Gaining confidence

Bernadette Lancefield
I lost my sight at the age of six. At school I was shy. It was hard to make friends. But my parents always encouraged me. I did activities like swimming, bushwalking and camping. I once got lost in the bush. It was night time and I could not find my tent. I was found the next morning. At university I started to feel less shy. I made friends. After university I was given an eye dog named Zora. I decided to move out of home. Life has sometimes been tough. But I have learned to be confident.
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Bernadette Lancefield on 11/01/2012
A gum tree, long grasses and plants.

I was lost in the bush.

I lost my sight at the age of six due to optic nerve damage. At times, life has been tough. Overcoming challenges, however, has helped me to grow as a person.

Soon after losing my sight, I discovered a passion for writing. My imagination distracted me from negative thinking and provided me with a sense of freedom. The fiction world was my haven. Writing has always helped me to cope with the hard times. The written word can be very liberating and empowering.


I was very shy and insecure during my schooling years. I struggled to make friends with my sighted peers. Gradually I realised that I needed to believe in myself. My parents always encouraged me to make the most of life. I was fortunate to be involved in many activities outside of school. These included horse riding, swimming, bushwalking and going on camps.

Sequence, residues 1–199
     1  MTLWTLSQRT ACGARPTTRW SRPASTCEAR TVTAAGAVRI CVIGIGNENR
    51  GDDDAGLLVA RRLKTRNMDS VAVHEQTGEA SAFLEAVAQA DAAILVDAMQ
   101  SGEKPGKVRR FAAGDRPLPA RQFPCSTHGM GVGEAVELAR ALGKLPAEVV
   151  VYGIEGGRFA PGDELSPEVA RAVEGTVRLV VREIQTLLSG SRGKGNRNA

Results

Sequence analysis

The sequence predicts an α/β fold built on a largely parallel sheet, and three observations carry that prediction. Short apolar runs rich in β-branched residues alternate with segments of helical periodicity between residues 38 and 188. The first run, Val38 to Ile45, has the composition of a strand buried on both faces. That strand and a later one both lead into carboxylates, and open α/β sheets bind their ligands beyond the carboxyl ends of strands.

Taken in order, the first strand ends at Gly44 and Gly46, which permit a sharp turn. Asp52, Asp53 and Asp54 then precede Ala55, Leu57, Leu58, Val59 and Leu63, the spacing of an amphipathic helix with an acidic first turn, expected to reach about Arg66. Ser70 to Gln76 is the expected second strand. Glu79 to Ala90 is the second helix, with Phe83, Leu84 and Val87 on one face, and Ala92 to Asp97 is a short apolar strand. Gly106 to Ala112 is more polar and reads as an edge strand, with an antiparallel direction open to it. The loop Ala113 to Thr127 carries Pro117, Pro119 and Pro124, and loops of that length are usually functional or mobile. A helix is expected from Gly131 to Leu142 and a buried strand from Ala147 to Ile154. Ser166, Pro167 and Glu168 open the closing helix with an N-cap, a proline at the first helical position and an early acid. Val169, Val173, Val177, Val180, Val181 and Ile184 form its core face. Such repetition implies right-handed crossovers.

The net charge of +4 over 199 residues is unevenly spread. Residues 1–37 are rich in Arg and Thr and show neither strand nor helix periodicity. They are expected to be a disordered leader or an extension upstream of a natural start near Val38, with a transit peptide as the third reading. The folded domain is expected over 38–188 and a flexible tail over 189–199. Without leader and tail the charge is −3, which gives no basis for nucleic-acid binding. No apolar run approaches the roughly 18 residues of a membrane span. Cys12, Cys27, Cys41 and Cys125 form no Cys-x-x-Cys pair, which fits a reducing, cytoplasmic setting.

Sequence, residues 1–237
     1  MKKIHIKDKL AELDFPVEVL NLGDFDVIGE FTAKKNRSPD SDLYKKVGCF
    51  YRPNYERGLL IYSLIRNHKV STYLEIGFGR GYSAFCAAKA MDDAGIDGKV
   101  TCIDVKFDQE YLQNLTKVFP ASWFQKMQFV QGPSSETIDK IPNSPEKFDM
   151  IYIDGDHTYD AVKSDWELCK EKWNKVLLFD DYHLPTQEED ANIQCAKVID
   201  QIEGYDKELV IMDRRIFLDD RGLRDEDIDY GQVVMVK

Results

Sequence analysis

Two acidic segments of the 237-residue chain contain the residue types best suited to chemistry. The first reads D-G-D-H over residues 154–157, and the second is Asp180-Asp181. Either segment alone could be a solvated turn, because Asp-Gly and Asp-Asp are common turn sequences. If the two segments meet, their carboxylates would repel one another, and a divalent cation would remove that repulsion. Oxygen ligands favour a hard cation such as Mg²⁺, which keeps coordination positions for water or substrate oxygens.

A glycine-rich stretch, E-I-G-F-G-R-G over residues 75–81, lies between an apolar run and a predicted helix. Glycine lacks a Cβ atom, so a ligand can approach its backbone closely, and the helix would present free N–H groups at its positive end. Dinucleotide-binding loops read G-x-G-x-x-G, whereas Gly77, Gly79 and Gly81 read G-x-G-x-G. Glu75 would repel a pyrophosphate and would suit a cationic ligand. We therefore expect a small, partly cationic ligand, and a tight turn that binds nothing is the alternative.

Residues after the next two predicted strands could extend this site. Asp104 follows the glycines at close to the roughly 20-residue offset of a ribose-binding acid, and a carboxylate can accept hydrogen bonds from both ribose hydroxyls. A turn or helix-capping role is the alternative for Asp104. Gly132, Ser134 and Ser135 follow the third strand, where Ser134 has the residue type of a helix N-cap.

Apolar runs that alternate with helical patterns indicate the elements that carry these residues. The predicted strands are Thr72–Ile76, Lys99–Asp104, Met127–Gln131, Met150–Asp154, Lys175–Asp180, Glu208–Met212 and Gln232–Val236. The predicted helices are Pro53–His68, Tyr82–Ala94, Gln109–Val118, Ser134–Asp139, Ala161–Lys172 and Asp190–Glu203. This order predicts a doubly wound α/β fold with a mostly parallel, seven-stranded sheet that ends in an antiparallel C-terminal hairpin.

Lost in the bush

I once went on a hiking trip in the Cathedral Ranges State Park in Victoria. During the night I needed to go to the toilet. I walked towards a clump of trees. On my return I dropped the toilet roll. In attempting to find it I lost my sense of direction. I ended up spending the rest of the night outdoors. Fortunately I was found in the morning by my fellow campers. While being lost in the bush was scary, the hiking trip was a great learning experience. I also learned that next time I would take a box of tissues.


My social life improved when I finished school. I made friends at university and my confidence grew. I completed a Bachelor of Arts degree with a major in English. Then I studied social work. I had received help throughout my life and wanted to give something back to others.

When I started my social work course I encountered resistance from certain lecturers. They were strongly political and said I was not assertive enough for the role. I had a meeting with the head of department and the placement co-ordinator. For the first time in my life I was forced to advocate for myself.


During this time I began volunteer work with homeless people. I enjoyed meeting people from different backgrounds and made many friends. This experience also helped to broaden my outlook on life. The following year I received a seeing-eye dog named Zora. It marked a turning point in my life. I moved out of home and lived interstate for a while.

The next couple of years were rocky. I met someone but eventually realised he threatened my self-esteem and sense of identity. With the support of family and friends, however, I grew stronger as a person. I decided to make a fresh start in life.

Readers comments (2)

Hi Bernadette,

A short story about your experience of being lost in the bush could be a great read.


I also suffer from a disability,
But everything Bernadette has had to go through since she went blind is amazing !!
Bernadette was only six when she lost her sight, so she still had many years of life ahead of her to grow into giving her time to learn.
I may not be correct when I say this, but to do this would have been, and still is very difficult for her as she grows.
I am very happy to be a friend to Bernadette and to help her when ever she may need help, I think now she can and prefers to look after herself.
Well done Bernadette Phil

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